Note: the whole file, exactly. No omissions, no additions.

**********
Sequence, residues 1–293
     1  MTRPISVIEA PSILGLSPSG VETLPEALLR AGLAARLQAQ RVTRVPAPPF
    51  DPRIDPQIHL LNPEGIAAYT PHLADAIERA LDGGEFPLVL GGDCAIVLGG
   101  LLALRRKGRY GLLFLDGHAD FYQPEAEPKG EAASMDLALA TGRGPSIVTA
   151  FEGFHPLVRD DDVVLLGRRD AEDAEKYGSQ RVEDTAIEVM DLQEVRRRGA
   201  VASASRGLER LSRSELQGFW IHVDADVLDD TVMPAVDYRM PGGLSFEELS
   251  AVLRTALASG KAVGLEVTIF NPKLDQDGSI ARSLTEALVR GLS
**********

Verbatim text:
Sequence, residues 1–293
     1  MTRPISVIEA PSILGLSPSG VETLPEALLR AGLAARLQAQ RVTRVPAPPF
    51  DPRIDPQIHL LNPEGIAAYT PHLADAIERA LDGGEFPLVL GGDCAIVLGG
   101  LLALRRKGRY GLLFLDGHAD FYQPEAEPKG EAASMDLALA TGRGPSIVTA
   151  FEGFHPLVRD DDVVLLGRRD AEDAEKYGSQ RVEDTAIEVM DLQEVRRRGA
   201  VASASRGLER LSRSELQGFW IHVDADVLDD TVMPAVDYRM PGGLSFEELS
   251  AVLRTALASG KAVGLEVTIF NPKLDQDGSI ARSLTEALVR GLS